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The Atlanta Shoe Market draws largest crowd ever.

The gang was and all there. The Atlanta Shoe Market (TASM) reported record exhibitor and retailer attendance at last month’s show at the Cobb Galleria Centre and Renaissance Hotel. Considering the industry consolidation over the past decade or so, that’s impressive.

“We had 16 percent increase in exhibitors (totaling more than 1,800 brands) and a five percent increase in retailers,” reports Laura Conwell-O’Brien, executive director. What’s more, the buyers list featured big-name, first-time attendees, including Meijer, DSW, Anthropologie, Dillard’s, HSN, TJX, and Costco. “All the big box stores were here as were many leading independents nationwide, and the biggest take away was the collective positivity,” she says. The one area that needs improvement, Conwell-O’Brien notes, is more traffic at the new The Fashion Plaza section in the hotel. “We did our best, but it’s always a challenge directing retailers to new areas,” she says, adding, “It’ll get better this August when we take over the hotel’s Grand Ballroom located next door. That’ll add an additional 100 booths, which will definitely help draw more retailers to that area—and help accommodate the 160 brands currently on our waiting list.”

Michael Rich, founder/CEO of Psudo, had no qualms about traffic at the casual sneaker brand’s bigger, new digs located at the entrance to the main floor. “We were busy from start to finish with new retailers, as well as current customers lining up new shoes for later this spring and next fall,” he reports. “Buyers are looking for something new, and we happen to be one of those new things.”

Shawn O’Neill, partner and integrator for Comfort One Shoes, says TASM was “tremendous.” This marked the Mid-Atlantic based chain’s first Atlanta show since the acquisition of Saxon Shoes in Richmond, VA, and the breadth of exhibitors was ideal one-stop shopping. “That acquisition brought aboard a lot of new vendors, and the set up and ease of this show allowed us to accomplish more than other shows could allow,” he says. “We had a very heavy schedule, and we accomplished our mission.”

Prasad Reddy, CEO of Twisted X Global Brands, reports this TASM was its best to date. It helps to come into the show with strong momentum. “Retailers were in a great mood because they had good sell-through in the fourth quarter and January for Twisted X products,” he says, adding, “They were excited to see what’s new from us, and they came ready to buy.” New product highlights include the extension of UltraLite X work boot construction into men’s casuals. “It was very well received, especially in our driving mocs that made the style even lighter for increased comfort and less fatigue,” Reddy says, adding that the technology will expand into women’s casuals soon. Black Star, the company’s more upscale, authentic Western brand, also saw a strong reaction. “We received great feedback on our new color profiles and wider breadth of collection,” Reddy says, adding, “The Western lifestyle market continues to grow in popularity.”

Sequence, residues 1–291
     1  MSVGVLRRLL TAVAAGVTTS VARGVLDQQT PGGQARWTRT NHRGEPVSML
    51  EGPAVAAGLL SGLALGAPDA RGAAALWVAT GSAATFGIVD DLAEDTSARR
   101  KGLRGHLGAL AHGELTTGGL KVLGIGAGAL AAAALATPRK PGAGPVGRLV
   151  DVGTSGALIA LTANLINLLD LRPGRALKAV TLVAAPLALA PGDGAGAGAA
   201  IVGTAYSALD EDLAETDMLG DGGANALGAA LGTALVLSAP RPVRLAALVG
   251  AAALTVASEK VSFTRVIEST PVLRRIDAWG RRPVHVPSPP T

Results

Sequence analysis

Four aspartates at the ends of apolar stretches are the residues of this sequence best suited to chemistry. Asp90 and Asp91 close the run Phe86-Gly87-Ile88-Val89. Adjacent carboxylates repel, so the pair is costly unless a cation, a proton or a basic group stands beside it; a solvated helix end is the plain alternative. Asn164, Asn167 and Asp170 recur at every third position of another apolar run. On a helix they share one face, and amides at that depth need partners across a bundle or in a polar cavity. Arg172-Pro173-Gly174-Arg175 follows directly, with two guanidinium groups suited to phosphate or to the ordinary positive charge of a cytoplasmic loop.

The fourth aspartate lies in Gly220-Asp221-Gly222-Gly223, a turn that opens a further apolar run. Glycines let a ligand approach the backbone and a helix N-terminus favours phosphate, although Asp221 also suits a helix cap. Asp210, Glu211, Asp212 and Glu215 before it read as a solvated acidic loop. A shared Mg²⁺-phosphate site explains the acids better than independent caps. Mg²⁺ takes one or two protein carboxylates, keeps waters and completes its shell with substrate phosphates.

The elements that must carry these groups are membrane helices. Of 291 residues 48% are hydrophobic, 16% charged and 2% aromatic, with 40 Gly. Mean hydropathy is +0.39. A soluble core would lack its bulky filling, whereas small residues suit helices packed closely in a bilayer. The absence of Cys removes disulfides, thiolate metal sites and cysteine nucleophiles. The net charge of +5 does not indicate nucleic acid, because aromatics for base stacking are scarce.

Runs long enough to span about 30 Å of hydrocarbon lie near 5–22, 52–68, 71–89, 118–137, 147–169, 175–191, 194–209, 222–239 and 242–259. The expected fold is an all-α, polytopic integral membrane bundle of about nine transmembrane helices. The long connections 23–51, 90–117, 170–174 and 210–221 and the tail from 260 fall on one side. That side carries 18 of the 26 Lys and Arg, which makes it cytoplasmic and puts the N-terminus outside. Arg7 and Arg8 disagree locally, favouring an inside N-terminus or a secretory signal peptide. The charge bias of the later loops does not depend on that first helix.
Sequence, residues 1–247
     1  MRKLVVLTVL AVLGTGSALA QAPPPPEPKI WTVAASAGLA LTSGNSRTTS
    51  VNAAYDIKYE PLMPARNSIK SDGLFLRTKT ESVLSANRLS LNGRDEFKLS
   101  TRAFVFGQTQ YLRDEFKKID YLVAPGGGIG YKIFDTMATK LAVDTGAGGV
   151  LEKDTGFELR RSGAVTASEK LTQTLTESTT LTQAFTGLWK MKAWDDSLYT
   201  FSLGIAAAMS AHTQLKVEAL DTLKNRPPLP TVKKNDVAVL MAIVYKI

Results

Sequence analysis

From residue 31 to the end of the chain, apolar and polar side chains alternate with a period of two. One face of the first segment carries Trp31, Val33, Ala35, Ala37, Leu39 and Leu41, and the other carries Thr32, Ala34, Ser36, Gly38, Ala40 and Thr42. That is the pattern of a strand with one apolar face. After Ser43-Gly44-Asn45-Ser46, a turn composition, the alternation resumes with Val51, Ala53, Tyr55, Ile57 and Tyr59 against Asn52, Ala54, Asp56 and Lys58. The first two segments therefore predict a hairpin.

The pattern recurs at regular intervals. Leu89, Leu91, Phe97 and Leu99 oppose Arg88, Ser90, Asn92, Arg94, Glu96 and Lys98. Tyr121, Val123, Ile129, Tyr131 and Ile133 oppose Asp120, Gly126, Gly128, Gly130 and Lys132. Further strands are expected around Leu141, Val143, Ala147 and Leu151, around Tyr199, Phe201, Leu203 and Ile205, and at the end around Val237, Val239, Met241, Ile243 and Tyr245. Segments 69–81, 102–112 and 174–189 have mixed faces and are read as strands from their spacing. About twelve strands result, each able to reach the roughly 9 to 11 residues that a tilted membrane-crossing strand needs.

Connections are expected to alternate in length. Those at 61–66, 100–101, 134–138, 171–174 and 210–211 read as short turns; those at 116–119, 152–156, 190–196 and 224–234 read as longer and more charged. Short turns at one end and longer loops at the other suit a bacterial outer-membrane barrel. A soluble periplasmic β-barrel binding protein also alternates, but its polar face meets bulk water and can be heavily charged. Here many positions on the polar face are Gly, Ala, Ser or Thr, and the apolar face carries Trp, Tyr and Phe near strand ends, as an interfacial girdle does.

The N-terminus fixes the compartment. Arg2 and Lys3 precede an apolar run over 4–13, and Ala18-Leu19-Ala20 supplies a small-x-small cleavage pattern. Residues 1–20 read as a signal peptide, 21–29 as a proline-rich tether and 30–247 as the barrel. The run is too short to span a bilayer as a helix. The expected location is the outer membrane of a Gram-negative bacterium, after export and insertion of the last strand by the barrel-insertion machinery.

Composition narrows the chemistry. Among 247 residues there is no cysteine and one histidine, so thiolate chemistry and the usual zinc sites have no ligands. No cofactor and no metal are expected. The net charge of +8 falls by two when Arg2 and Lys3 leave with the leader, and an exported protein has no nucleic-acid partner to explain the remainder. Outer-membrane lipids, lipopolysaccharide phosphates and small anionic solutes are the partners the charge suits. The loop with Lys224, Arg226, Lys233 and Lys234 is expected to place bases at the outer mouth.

Gary Champion, president of Clarks Americas, reported strong traffic and feedback on its Artisan collection, notably the Certina and Loriini programs in women’s and the Un.Briley and Monahan programs in men’s. “I asked buyers to hang in there with me, and I think they’re glad that they did,” he says. “We had a strong reaction to the entire fall line, and we’ve already had early success this spring in athleisure with the Mayhill for women and men’s Mapstone. Buyers are gravitating to uppers with more fun and interest, like our metallic leathers.” Overall, Champion is upbeat about Clarks, TASM, and the industry. “The show was very busy, and it’s where our team opens a lot of new accounts,” he says. “Buyers are excited about the future, not just with Clarks, but with their businesses overall.”

Tony Adams, president of Hälsa, reports a similar upbeat consensus among attendees at TASM. Despite it being an election year and general economic uncertainty, he says buyers were on the hunt for new brands to add to their assortments. “Hälsa was busy from start to finish; we were working accounts past closing time on the last day,” Adams says. “We were busy adding new accounts for our spring collection, and  the reaction to our fall collection was well-received.”    

Ditto for Marty Rose, distributor of All Black Footwear. He reports TASM was back-to-back customers the first two days. “The general attitude of buyers was very upbeat, but still cautious because of weather challenges,” he says, noting its new Mod collection was received well. “Our buyers like that we continue to offer unique styles that aren’t found at other brands.”

The July 2024 Issue

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